Kentucky Derby winner Big Brown will face up to 11 fresh challengers in Saturday's Preakness Stakes at Baltimore.
Big Brown was so overpowering in winning the Kentucky Derby that none of the 19 rivals he dusted off is showing up for another try in the Preakness Stakes.
This is not an insignificant development.
The last time just the Derby winner moved on to the Preakness was 60 years ago, when Citation won the 1948 Derby -- then took the Preakness and Belmont Stakes and became thoroughbred racing's eighth of 11 Triple Crown champions.
Unbeaten Big Brown has generated Triple Crown excitement of his own after his 4¾-length Derby romp, but what's different this time is the number of new challengers arriving at Pimlico Race Course in Baltimore.
Unlike the '48 Preakness, when Citation beat only three opponents, Big Brown could face 11 3-year-olds from all parts of the country. Giant Moon from New York, Hey Byrn from Florida and Yankee Bravo from California, to name a few.
So if Big Brown easily handled most of the leading 3-year-olds in the Derby, why are so many others lining up for what appears to be a mismatch?
The simple explanation comes from Richard Schosberg, who trains Giant Moon.
"They still have to go around once," he said.
While most agree that if Big Brown runs back or close to the form he showed in winning the Derby, the race will be for second-place money. The winner's share is $600,000, but second is worth $200,000 and third $100,000.
A lot can happen in 1 3/16 miles over a Pimlico racing strip considered to favor speed, with tight turns that could make it tougher on horses with an outside post position.
Yes, Big Brown has shown he's fast and can win from an outside post -- he and Clyde Van Dusen in 1929 are the only Derby winners to leave from the No. 20 post.
But will Big Brown get his usual strong start? Will there be jostling for position around the first turn? Will Big Brown be able to produce another top effort just two weeks after the Derby? Would a wet track bother him?
What about the front hoof problems that forced him to miss 90 days of training? And is there a well-rested rival sitting on the race of a lifetime?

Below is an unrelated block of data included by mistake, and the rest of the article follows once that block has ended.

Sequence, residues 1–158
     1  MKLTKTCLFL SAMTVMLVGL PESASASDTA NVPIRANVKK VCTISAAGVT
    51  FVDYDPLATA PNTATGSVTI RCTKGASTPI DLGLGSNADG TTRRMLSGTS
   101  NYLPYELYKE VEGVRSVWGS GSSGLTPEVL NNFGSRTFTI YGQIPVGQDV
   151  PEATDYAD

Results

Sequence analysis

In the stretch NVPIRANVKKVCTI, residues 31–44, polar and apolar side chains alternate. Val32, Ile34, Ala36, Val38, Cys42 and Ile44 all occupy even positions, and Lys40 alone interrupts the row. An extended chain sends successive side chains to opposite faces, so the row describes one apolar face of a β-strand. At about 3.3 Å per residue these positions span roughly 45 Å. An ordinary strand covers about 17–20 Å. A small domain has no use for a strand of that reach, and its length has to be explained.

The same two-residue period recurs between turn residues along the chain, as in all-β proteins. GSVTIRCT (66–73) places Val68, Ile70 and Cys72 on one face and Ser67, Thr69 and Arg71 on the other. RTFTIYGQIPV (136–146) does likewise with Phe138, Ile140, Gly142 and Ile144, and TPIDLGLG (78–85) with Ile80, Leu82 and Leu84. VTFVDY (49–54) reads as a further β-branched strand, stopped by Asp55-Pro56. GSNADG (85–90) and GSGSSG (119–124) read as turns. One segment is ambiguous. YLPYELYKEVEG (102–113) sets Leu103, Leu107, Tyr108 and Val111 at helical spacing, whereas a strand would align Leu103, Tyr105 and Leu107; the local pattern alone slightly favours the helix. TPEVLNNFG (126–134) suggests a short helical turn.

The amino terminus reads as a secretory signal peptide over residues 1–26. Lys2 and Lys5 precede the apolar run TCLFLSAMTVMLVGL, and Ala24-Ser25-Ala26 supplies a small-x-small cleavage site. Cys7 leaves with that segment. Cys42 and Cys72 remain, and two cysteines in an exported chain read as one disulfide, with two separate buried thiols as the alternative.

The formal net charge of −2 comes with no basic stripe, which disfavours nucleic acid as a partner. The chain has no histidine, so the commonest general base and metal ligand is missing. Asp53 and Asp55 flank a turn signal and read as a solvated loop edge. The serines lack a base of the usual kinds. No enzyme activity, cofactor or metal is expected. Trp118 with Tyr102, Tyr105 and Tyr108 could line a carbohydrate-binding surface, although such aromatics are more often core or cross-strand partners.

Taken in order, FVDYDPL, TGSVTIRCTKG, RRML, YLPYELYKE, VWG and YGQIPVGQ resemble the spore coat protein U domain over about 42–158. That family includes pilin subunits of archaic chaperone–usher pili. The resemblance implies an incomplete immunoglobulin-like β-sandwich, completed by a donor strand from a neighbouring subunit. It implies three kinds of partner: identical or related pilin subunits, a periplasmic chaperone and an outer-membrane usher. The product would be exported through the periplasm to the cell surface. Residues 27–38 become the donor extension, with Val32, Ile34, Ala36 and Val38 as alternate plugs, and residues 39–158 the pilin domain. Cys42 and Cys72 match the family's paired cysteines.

In horse racing, the only sure thing is that nothing is certain. Even the great Secretariat lost a few.
"Let's not get Big Brown in the Hall of Fame too soon here," Reade Baker, the trainer of Preakness starter Kentucky Bear, said last week.
Baker said Big Brown could be vulnerable based on a short turnaround, especially after a peak performance at 1¼ miles, the longest distance most 3-year-olds will ever run.
"The wise guys would say he's going to bounce," Baker said. "How come he can't bounce now?"
Big Brown became the most lightly raced Derby winner since Regret in 1915, and trainer Rick Dutrow Jr.'s chief concern is whether his colt can handle the short time between races.
"If our horse can just get over the two-week thing and basically go out there and run the way he has been running, he's going to be tough to beat," Dutrow said.
Of the new shooters, Dutrow says he likes Harlem Rocker, who comes into the Preakness with the same 3-0 record Big Brown had entering the Derby.
"I've seen him run last time and he looked very good," Dutrow said, referring to Harlem Rocker's win in the Withers Stakes at Aqueduct last month. "He's got a little buzz about him. That's about as far as I see.
"I'm feeling that we have the best horse in the race, the fastest horse. He can show that he can go this far. I'm glad to see the competition that's in there. It's not like it's coming up a stellar packed field. Anyone can see that, me especially."
The best horse doesn't always end up in the winner's circle, however.
The biggest Preakness surprise was Master Derby's upset of Derby winner Foolish Pleasure in 1975 at odds of 23-1. In 1983, Deputed Testamony beat Derby winner Sunny's Halo at odds of 14-1, and Bernardini won in 2006 at odds of 12-1 in the race remembered for Derby winner Barbaro's ill-fated breakdown at the start.
Should Big Brown prevail Saturday to set up a chance in the Belmont to end a 30-year Triple Crown drought, expect another big field of challengers.
Already lining up are Japan-based Casino Drive, racing's newest "buzz" horse after winning Saturday's Peter Pan Stakes at Belmont by 5¾ lengths in his second career start, and Derby starters Denis of Cork (third) and Tale of Ekati (fourth).
In 1997, Derby and Preakness winner Silver Charm came into the Belmont poised to win the Triple Crown but was beaten by Touch Gold, a headstrong colt who finished fourth in the Preakness despite a stumble at the start.
A few days before the Belmont, trainer David Hofmans explained why Touch Gold was in the Belmont.
"The Triple Crown is great for racing," he said. "But Silver Charm has got to earn it if he wants to join Affirmed and Seattle Slew and the great ones. Do I want to beat him? That's why I'm here."